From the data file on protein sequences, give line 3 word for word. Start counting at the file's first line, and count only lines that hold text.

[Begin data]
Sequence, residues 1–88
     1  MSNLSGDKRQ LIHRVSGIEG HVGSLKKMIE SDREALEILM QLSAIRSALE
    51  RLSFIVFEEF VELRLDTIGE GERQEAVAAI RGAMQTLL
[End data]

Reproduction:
    51  RLSFIVFEEF VELRLDTIGE GERQEAVAAI RGAMQTLL